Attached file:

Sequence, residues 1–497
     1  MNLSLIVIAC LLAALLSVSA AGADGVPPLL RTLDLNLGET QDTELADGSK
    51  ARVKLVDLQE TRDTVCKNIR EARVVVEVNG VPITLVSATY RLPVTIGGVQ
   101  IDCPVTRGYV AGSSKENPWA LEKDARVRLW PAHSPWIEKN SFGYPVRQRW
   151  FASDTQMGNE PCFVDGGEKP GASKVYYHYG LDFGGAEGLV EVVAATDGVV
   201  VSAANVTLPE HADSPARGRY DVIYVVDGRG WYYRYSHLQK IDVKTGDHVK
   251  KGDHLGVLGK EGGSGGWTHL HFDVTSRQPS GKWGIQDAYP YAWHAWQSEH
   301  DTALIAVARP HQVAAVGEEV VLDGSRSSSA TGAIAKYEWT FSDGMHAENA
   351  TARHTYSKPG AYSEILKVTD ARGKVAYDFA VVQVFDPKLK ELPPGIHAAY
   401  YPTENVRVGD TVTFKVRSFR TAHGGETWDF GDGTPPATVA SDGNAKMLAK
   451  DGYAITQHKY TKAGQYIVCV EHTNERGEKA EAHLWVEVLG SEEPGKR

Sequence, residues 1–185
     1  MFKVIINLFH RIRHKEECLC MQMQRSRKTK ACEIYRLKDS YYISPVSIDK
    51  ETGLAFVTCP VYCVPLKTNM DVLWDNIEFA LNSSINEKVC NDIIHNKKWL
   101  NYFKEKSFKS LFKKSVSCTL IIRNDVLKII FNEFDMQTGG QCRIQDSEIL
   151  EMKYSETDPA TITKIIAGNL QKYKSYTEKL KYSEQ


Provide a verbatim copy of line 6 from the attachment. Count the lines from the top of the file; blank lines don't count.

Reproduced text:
   201  VSAANVTLPE HADSPARGRY DVIYVVDGRG WYYRYSHLQK IDVKTGDHVK